Post written by Pam Reynolds of The Aging Authority
Being a caregiver for an aging adult is synonymous with being an advocate, and being an advocate is no simple task. In fact, this can be one of the most challenging aspects of caregiving. You will face many unfamiliar situations and obstacles. For example, the medical community (particularly concerning senior care) is a very complex web. Older adults can have difficulty retaining information, staying organized and making educated healthcare related decisions. This means you will need to help your care recipient stay on top of their medical care and records. Without advocacy, many seniors and disabled individuals fall through the cracks.
In addition, your care recipient will likely need assistance with legal, financial and other decisions. You are probably not an expert in all (if any!) of these fields. You will undoubtedly become frustrated and even feel hopeless at times. But take heart, as you will be their voice when they cannot speak for themselves. Your support can make all the difference in your care recipient’s aging experience and quality of life. You will be responsible for communicating their wishes, preferences and needs and ensuring that their values and beliefs are honored. Therefore, start preparing well in advance to empower yourself as their caregiver and advocate. This includes executing the legal documents such as Powers of Attorney and Advance Healthcare Directives. The saying an ounce of planning is worth a pound of cure is so applicable in the world of caregiving. The more you do ahead of time the easier the journey will be.
I once had a client named Vicky. Vicky lived with her granddaughter and grandson-in-law, Shelly and Rob. After Vicky suffered a debilitating stroke, they did not hesitate to take her into their home and had taken excellent care of her over the course of close to a decade. There was no doubt in my mind that Vicky trusted them wholeheartedly. They knew her intimately– not just medically but her personality and her innermost wishes and values. Unfortunately, while she made sure her wishes were known to her family, Vicky had not taken the important step of making any legal documentation. Therefore, Shelly and Rob did not have the legal authority to make financial and care decisions for Vicky, nor the ability to take control of managing her affairs if she was unable to do so herself.
Vicky contracted a severe case of pneumonia that caused her to be hospitalized. Her situation became dire as her infection led to sepsis. After a few days she wound up in the intensive care unit on a ventilator. Shelly and Rob were initially able to direct her care as the physicians recognized their relationship as her primary caregivers. However, when Shelly’s uncle Kevin (who was estranged from his mother and the family as a whole) caught wind of the situation he showed up at the hospital and started demanding information and inclusion in the decision making. Since he was her oldest son and legally next of kin, the doctors began to take his input over Shelly and Rob’s. Kevin insisted on every possible intervention and medical treatment possible. Shelly told me that she believed her uncle was trying to make up for his lack of participation in her care up until that point, and perhaps he was hopeful that she would recuperate and he would have the opportunity to make amends.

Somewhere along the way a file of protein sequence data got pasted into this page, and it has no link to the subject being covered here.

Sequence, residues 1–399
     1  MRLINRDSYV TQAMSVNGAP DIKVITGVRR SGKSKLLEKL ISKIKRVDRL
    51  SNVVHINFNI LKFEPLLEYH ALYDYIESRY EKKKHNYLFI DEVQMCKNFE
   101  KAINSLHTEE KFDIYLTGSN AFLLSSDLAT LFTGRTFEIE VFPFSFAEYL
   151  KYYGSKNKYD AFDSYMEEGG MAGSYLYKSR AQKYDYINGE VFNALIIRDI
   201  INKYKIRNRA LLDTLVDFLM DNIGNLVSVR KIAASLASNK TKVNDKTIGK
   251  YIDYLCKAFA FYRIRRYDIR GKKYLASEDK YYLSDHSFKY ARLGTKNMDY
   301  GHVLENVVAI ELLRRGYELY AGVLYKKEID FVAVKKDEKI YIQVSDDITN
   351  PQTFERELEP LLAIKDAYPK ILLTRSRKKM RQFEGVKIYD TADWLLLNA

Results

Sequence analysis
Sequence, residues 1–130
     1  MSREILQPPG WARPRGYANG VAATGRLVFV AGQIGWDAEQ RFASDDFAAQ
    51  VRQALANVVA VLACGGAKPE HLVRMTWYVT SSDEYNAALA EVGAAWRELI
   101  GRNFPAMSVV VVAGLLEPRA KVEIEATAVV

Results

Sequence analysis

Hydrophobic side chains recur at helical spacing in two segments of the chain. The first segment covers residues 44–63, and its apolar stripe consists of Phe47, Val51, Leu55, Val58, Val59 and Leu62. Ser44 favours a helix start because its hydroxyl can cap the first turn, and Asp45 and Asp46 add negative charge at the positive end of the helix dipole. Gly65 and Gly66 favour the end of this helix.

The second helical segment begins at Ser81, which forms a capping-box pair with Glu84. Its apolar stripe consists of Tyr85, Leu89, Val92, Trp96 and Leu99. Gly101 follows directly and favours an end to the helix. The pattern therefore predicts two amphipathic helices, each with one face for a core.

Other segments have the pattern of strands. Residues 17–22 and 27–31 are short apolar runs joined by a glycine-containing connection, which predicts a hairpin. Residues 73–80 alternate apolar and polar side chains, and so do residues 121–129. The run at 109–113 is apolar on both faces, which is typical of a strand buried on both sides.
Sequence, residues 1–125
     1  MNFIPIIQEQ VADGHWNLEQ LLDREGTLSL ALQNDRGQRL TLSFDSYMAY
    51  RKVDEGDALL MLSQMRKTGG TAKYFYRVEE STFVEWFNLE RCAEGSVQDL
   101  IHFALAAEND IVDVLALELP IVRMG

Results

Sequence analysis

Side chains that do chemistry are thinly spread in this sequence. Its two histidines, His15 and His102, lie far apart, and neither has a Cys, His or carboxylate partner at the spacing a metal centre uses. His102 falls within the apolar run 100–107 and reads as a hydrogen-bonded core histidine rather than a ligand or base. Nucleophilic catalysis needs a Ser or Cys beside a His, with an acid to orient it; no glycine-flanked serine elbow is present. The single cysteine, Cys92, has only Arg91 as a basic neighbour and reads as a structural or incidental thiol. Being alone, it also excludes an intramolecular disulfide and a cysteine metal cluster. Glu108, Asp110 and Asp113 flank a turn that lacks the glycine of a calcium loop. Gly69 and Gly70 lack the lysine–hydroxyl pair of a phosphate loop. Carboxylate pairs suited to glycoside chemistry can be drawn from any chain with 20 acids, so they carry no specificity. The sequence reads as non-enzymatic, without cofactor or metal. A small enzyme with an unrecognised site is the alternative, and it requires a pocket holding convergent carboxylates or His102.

The doctors made several attempts to wean Vicky from the ventilator but each time they tried, she was unable to breathe on her own. Shelly and Rob knew that Vicky would not want to remain dependent on a ventilator for any extended period of time. They grew concerned that even if Vicky did come out of her comatose state that her quality of life would be drastically affected. Unfortunately, the physicians were not willing to listen to Shelly and Rob because Kevin would not back down. Kevin went so far as to restrict their access to visit Vicky because he was worried that they might influence an unsuspecting doctor’s action. A social worker got involved and consequently Vicky and Rob were allowed to visit, but it was under inflexible terms with a schedule that Kevin had to agree to. This went on for almost two months until Vicky ultimately suffered a pulmonary embolism and passed away in the hospital. Shelly and Rob were heartbroken that Vicky was unable to die on her own terms, and they were not able to say goodbye to their beloved grandmother when she passed.
As Vicky’s situation demonstrates, most of the time, it is not the medical intervention you want that is a concern. It is the medical intervention you don’t want. Vicky’s son Kevin was putting his needs and wishes above his mother’s. It seemed as if he was not ready to give up, hopeful for a deathbed reconciliation with his mother. Vicky’s medical care should not have been dictated by her son’s emotional struggles.
The medical community is trained to save and preserve lives. Which is a good thing, obviously. They are also afraid of lawsuits. Therefore, medical professionals often err on the side of preserving life even when a return to any good quality of life is unrealistic. They tend to shy away from encouraging family members to “pull the plug”. To advocate for your care recipient’s healthcare wishes, you will need the proper legal documents such as Powers of Attorney and Advance Healthcare Directives to give you the authority to effectively act on your care recipient’s behalf. If your care recipient is able, talk to them about setting these things up now to ensure that you have what you need to avoid the hassles Shelly and Rob had to face in advocating for Vicky.